Udham Singh returned to India in July 1927 with a cache of arms as well as prohibited political literature but was caught by the police in Amritsar, convicted under the Arms Act, and sentenced to a jail term which lasted four years. Upon his release in October 1931, Udham Singh returned to his hometown of Sunam, but constant harassment by the police forced him to depart for Amritsar. Here, according to some of his biographers, he opened up a business as a signboard painter. In 1933, Udham Singh made his way to London, and over the course of the next three years he traveled widely in Europe; he also appears to have been a motorcycle enthusiast. Late in the 1930s, according to British police records, he is said to have stated that by was a carpenter by profession, and he listed his name as Azad Singh.
The Assassination of O’Dwyer
Udham Singh, if the account of the pledge he had taken after the Amritsar pledge has any veracity, had long nursed the desire to avenge the death of his fellow Indians for whom he held O’Dwyer at least as much responsible as General Dyer himself. Dyer was relieved of his position in the army, though he had received the approbation of thousands of private citizens in Britain who hailed him as the savior of the British empire, but he succumbed to an illness a few years after the shooting at Jallianwala Bagh. O’Dwyer, meanwhile, had returned to England after retirement, and like many a celebrated ‘old India hand’ he occasionally attended public meetings. On 13 March 1940, O’Dwyer was one of the scheduled speakers at a joint meeting of the East India Association and the Royal Central Asian Society. As O’Dwyer was conversing with Lord Zetland, the Secretary of State for India, Udham Singh took out a concealed revolver and fired a number of shots: two bullets struck O’Dwyer, who died instantly, and another bullet wounded Zetland. Udham Singh made no attempt to escape and was at once apprehended.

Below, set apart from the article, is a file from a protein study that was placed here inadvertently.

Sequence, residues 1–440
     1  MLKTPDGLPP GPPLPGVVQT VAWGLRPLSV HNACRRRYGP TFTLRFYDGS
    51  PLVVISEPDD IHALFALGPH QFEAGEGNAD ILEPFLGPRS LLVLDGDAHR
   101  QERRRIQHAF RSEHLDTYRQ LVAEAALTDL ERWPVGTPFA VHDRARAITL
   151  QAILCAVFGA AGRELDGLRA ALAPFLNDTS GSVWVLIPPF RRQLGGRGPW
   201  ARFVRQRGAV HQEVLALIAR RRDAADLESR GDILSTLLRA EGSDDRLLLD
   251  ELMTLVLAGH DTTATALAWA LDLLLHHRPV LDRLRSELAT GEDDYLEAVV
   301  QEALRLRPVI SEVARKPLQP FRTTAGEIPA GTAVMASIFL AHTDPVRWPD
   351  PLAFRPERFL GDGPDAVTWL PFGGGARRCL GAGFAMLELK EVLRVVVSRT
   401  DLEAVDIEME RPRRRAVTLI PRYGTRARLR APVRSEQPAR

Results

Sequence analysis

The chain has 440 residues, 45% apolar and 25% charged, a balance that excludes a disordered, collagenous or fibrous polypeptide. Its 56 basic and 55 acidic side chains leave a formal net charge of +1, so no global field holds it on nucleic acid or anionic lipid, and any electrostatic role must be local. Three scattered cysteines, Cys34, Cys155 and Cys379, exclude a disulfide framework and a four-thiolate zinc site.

Trial, Conviction, and Death of Udham Singh
Udham Singh was charged with the murder of Michael O’Dwyer on 1 April 1940 and his trial commenced on 4 June 1940 at “Old Bailey”, London, before Justice Atkinson. He gave his name as Ram Mohammad Singh Azad – an attempt on his part, three decades before Amar Akbar Anthony, to prove his secular credentials and to suggest, perhaps, that it remained for individuals to show how they could move beyond the communal outlook. To an India where communalism was assuming overwhelming importance, Udham Singh sought to demonstrate through his personal example that considerations of religion, creed, and caste ought to be no consequence to a genuine patriot.
The outcome of the trial was a foregone conclusion: Udham Singh had shot O’Dwyer before witnesses, and he never denied that he was responsible for the assassination. The trial lasted a mere two days; the proceedings were but a formality. Justice Atkinson sentenced him to death by hanging, and Court of Criminal Appeal dismissed his appeal and confirmed the death sentence. The order was carried out on July 31 at Pentonville Prison, also famous as the site for the execution of the Irish revolutionary Roger Casement. O’Dwyer was buried in the prison grounds and it is not until much later, at the request of the Indian government, that his remains were exhumed and repatriated back to India. Though a lesser-known figure than Bhagat Singh, he continues to be lionized in the Punjab and especially in Amritsar, and Punjabis have carried the memory of his name to other parts of India.
[For some brief notes on the public memory of Udham Singh, see the companion piece on him at MANAS.]
Copyright: Vinay Lal, May 2008